Heated House primaries come to a close in Pennsylvania
Pennsylvania — roiled by retirements and a court-drawn congressional map in 2018 — offers half-dozen opportunities for Democrats hoping to chip into the Republican Party's 23-seat advantage in the House. But some Democrats worry that the bruising primary process in a handful of districts will deliver battered candidates into November.
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“I don’t see how we retake the House without winning in Pennsylvania and winning Pennsylvania’s 1st District,” said Scott Wallace, one of two Democratic candidates jockeying to take on Rep. Brian Fitzpatrick (R-Pa.), the lone GOP congressman seeking reelection in the Philadelphia suburbs. “If we don’t win here, where the district turned a shade bluer under redistricting, then retaking control of the House is harder to get to.”
Voters in Pennsylvania, Nebraska, Oregon and Idaho are also nominating candidates in a big Senate race and a handful of gubernatorial contests, with President Donald Trump continuing to loom large in Republican primaries.
In Pennsylvania, Trump recorded a robocall to boost Rep. Lou Barletta in his bid to take on Democratic Sen. Bob Casey. But Barletta first has to dispatch state Rep. Jim Christiana in Tuesday’s GOP primary.
Polls close at 8 p.m. Eastern time in Pennsylvania, 9 p.m. in Nebraska and 11 p.m. in Idaho and Oregon.
Several of the Democratic primaries broke down along ideological lines, pitting centrist and progressive wings of the party against each other.
In the Lehigh Valley, home to Pennsylvania’s 7th District, the top three contenders “represent a different swatch of the Democratic Party,” said Greg Edwards, the Bernie Sanders-endorsed pastor who is running to replace former Rep. Charlie Dent (R-Pa.), who recently resigned after announcing his retirement last fall.
Edwards and EMILY’s List-backed Susan Wild are battling for the progressive bloc, while Northampton District Attorney John Morganelli, a well-known moderate who tweeted at Trump about a job in the administration, caters to the Blue Dog Democrats that once dominated the blue-collar Lehigh Valley.
"If a lot of traditional Democrats come out, I should be okay,” said Morganelli, who’s drawn national spending against him for his positions on abortion and immigration. “If the mix is more progressive, then it gets tougher. The Democratic primary electorate is a little more liberal than me.”
Down in Bucks County, Wallace also faces a centrist Democrat, 33-year-old Navy veteran Rachel Reddick, part of the wave of female and veteran office-seekers who have stormed into Democratic primaries around the country this year.
The primary race turned negative, as Reddick cast Wallace as a carpetbagging millionaire, while Wallace hammered Reddick for recently changing her voter registration from Republican to Democrat. Wallace heavily outspent Reddick on TV ads, giving him an edge heading into Tuesday night.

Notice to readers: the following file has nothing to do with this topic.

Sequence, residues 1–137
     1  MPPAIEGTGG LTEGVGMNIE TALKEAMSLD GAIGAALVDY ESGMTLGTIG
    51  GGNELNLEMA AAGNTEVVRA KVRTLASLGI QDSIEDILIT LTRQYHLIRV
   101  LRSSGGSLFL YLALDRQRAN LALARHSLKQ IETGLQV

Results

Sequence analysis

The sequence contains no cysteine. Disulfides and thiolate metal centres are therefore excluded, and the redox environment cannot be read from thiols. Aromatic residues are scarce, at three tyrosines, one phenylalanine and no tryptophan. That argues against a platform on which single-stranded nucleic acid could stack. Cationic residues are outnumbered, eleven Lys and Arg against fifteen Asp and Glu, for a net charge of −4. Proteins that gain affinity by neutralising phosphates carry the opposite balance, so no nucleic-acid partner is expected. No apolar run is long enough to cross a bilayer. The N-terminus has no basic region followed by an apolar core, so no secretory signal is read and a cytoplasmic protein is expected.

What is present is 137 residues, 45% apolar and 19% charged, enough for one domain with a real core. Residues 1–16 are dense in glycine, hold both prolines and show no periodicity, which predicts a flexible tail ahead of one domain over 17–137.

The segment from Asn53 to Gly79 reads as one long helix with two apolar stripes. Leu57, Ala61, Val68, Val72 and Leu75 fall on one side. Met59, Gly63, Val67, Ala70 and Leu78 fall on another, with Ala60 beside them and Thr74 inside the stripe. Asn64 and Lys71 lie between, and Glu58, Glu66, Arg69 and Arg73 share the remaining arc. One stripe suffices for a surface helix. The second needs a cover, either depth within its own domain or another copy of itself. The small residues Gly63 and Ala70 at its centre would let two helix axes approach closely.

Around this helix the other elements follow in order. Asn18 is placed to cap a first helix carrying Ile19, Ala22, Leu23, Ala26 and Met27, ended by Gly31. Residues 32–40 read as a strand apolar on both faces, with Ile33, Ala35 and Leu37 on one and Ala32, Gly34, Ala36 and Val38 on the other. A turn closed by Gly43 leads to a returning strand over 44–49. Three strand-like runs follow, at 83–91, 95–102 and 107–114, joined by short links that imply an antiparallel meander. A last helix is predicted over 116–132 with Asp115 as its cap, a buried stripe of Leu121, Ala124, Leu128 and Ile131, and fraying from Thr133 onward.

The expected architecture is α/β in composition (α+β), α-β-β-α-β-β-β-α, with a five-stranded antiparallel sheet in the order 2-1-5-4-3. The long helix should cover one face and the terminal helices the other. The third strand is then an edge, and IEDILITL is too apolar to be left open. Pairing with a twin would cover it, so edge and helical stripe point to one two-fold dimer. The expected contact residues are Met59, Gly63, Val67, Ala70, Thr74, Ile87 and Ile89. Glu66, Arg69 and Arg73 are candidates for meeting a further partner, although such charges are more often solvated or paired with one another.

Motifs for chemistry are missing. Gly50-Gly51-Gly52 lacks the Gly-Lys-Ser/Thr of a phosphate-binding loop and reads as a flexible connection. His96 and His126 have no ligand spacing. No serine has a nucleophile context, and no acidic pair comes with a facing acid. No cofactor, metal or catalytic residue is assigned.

But Reddick’s supporters argued that her conservative background would make her better suited for the general election.
“She can build consensus with Democrats and Republicans, and that’s what we need going up against Fitzpatrick,” said Kristin Vogel, a 50-year-old voter from Doylestown.
The turnover in Pennsylvania’s delegation also means a handful of open GOP primaries in safer, Republican-leaning seats that have drawn the involvement of national conservative groups looking to put their stamp on the party. State Rep. Rick Saccone — fresh off losing a special election to Congress in March — is running in one of those now-open districts but faces a stiff challenge from state Sen. Guy Reschenthaler.
Voters in Eastern Pennsylvania had to dodge dangerous, severe weather Tuesday afternoon and evening. Tornado warnings were posted for Harrisburg and Allentown, and a line of severe thunderstorms rolled through Philadelphia shortly before 7 p.m.
In Nebraska, former Rep. Brad Ashford’s comeback bid for his Omaha-based seat has also run into opposition from the left. Kara Eastman ran a true-blue progressive campaign against Ashford, who has been a Republican, independent and Democrat over the course of his legislative and congressional career. But Ashford’s name recognition is expected to carry the day in the contest to take on GOP Rep. Don Bacon in the fall.
Also in Nebraska, Democrats will nominate candidates to take on GOP Sen. Deb Fischer and GOP Gov. Pete Ricketts — though neither looks to face serious challenges in the fall.
Later in the evening, polls will close in Idaho, where three-term Republican Gov. C.L. “Butch” Otter is retiring. Rep. Raúl Labrador is giving up his House seat — from which he has carved an influential role as a leader of the conservative House Freedom Caucus — to run statewide. But he faces a competitive, three-way race against Lt. Gov. Brad Little and Tommy Ahlquist, a retired physician.
In Oregon, Republicans will choose their candidate to face Democratic Gov. Kate Brown in the fall. Brown, who ascended to the governorship in 2015 when then-Gov. John Kitzhaber resigned, won a special election in 2016 to complete Kitzhaber’s term and is now seeking a full term in her own right.